For approved claims, it will be subjected to “diary review dates” on a period of 1, 3, and 7 years depending on the condition of disability and the likelihood of improvement. Usually, you will just have to show that the claimant is still suffering from the impairment.

Read More

Common Defense in a Foreclosure Case

Posted by on Jun 16, 2016 in Foreclosure | 0 comments

Foreclosure is a terrifying experience for most people. The thought of not having a place to sleep in can be traumatic for the homeowner. According to the website of Hong Law, PLC, while a house is just an economic commodity for financial establishments, it is far more valuable to the owner. Hiring the services of an attorney can help you regain your foreclosed property.

In the United States, foreclosing a home may require the approval of a court before the homeowner is evicted from their homes. This is true in a judicial foreclosure state, where the bank just cannot foreclose a home without court approval. So as the foreclosure will undergo court proceedings, here are some of the common defense that your lawyer will use to fight foreclosure.

Lack of Standing

In this defense, your lawyer will try to prove that the bank is not the proper plaintiff or owner of the foreclosed property. The proof of burden lies on the bank as they need to show that they own or has the promissory note and mortgage. This can prove difficult to a bank as mortgages are usually sold and transferred to other financial institutions.

Improper Delivery of the Summon and Complaint

Most mortgages requires the bank to notify the homeowner that their loan is in default before they file a foreclosure lawsuit. The notice must provide the required action and give the homeowner at least 30 days to comply before initiating foreclosure.

Unclean Hands

Here the homeowner must prove that the foreclosure was a fraud, illegal transaction, or oppressive to them, then this defense can help keep the property from being foreclosed.

The Mortgage Payment Was Not Properly Accounted For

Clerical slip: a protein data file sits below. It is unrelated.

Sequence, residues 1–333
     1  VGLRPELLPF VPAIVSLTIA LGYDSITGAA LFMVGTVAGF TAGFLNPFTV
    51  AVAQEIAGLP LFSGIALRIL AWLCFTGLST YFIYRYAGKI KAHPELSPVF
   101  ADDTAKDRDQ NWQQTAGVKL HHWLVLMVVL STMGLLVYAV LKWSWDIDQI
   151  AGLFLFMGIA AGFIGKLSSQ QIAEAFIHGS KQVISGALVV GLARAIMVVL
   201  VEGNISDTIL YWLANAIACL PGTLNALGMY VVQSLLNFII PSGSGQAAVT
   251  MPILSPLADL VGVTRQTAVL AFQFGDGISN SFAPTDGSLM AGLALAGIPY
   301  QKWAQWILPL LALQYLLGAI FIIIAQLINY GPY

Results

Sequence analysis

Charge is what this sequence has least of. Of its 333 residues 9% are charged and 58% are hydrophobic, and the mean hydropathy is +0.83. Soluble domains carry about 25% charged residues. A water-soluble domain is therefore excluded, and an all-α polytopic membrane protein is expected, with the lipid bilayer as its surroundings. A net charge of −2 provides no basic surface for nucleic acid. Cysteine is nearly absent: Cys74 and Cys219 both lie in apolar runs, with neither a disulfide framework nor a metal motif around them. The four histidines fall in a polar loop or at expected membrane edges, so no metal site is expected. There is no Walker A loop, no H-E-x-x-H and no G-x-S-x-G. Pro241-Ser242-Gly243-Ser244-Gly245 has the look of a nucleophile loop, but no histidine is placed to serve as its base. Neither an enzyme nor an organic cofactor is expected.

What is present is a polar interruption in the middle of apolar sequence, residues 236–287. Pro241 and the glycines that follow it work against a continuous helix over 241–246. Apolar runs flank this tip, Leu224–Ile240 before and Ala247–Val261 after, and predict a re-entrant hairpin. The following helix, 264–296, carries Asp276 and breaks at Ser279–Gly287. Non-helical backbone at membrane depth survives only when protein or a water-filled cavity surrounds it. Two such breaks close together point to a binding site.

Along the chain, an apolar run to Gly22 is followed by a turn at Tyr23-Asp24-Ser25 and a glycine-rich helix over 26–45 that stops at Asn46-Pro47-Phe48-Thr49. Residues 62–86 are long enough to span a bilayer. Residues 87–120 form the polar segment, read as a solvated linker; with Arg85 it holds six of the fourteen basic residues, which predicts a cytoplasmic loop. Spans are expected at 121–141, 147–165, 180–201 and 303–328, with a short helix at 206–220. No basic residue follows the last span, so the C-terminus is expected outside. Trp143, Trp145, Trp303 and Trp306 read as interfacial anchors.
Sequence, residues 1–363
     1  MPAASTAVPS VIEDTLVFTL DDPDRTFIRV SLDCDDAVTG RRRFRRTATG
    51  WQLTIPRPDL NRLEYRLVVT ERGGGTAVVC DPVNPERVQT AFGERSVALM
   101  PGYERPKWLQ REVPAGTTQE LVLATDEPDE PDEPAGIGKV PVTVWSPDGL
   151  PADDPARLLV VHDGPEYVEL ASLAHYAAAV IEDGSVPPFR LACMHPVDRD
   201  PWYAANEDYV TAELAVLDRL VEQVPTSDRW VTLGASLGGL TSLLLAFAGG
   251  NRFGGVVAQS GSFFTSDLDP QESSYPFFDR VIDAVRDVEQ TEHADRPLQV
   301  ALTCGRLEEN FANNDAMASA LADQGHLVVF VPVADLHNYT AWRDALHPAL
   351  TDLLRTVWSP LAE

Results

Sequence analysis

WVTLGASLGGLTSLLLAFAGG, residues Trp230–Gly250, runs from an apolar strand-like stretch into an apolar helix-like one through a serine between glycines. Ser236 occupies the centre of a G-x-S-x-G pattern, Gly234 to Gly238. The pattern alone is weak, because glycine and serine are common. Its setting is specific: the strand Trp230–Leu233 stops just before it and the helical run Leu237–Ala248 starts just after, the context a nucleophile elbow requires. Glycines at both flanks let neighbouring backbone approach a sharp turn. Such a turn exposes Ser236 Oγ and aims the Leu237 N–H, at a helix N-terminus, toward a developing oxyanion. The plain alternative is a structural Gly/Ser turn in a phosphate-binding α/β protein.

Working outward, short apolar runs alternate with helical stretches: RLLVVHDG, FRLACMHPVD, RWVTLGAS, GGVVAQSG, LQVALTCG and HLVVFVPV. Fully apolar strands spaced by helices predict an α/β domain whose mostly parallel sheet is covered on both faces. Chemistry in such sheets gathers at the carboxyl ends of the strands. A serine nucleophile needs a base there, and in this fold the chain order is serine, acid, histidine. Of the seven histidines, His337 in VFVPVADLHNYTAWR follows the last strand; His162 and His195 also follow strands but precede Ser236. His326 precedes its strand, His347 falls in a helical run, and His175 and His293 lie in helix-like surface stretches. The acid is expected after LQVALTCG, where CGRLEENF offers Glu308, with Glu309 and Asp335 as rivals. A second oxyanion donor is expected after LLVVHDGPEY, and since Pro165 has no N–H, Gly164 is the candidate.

You can prove to the court that the loan provider did not properly credit payments and/or charge the necessary costs in accordance with the law. If you can do so, the court may stop the foreclosure of your property.

The Lending Company Did Not Comply With HUD Requirements

The National Housing Act calls for lenders to advise homeowners of loan counseling options offered by the US Department of Housing and Urban Development. If you are able to prove to court that the lender did not provide such advise, then you can get your property back.

Foreclosure can bring so much distress and grief to homeowners. For this reason, you can make the bank or lending institution liable for their action.

Read More

On Fines and Penalties For DUI/DWI Violation

Posted by on Jun 15, 2016 in DUI/DWI, Fines and Penalties | 0 comments

Driving Under the Influence or Driving While Intoxicated is considered a criminal offense in the United States. According to the website of Truslow & Truslow, getting a DUI/DWI conviction can have a negative impact on your life. The good news is that just like any criminal charge, there is a presumption of innocence. If found guilty, there will be corresponding fines and penalties.

According to the website of the Law Offices of Ronald Resmini, LTD, alcohol-related crashes accounted for 10,322 deaths in 2012. This was based on the report of the National Highway Transportation Safety Administration (NHTSA). When arrested due to DUI/DWI, your driver’s license is likely to be suspended complete with a report from the Department of Motor Vehicle. If the suspension or relocation is upheld, you will be given 10 days to contest the decision.

So what offenses or penalties await you when convicted of DUI/DWI? A Milwaukee personal injury attorney will tell you that a first time offense will warrant a jail time of up to six months. All states recognize DUI as a misdemeanor. The penalty may increase depending on the circumstances. In some states, the minimum jail time is at least several days for a first offender. A repeat violation may carry a jail term of several months to a year.

DUI/DWI becomes a felony if it results to injury or death of another person or if is the third or fourth offense of a driver. The jail term will depend on the state law, facts surrounding the case, and upon the discretion of the judge. Aside from jail term, the offender can also expect to pay stiff fines ranging from $500 to $2,000.

In addition, your offense can result to the revocation of your driver’s license for a substantial period of time either through court order or mandated by the DMV. In many states, the license can be revoked for at least 90 days, a second offense for one year, and a third offense for three years. If you refuse to subject yourself to a breathalyzer, blood, or urine test, it may contribute to suspension of your license as well.

Some states take the punishment to the next level by either temporarily or permanently confiscating the car and its registration. Some even require the attachment of an ignition interlock device, which is handheld alcohol sensor unit attached to the dashboard. When the BAC of the driver is above the fixed level, the car will not start.

Read More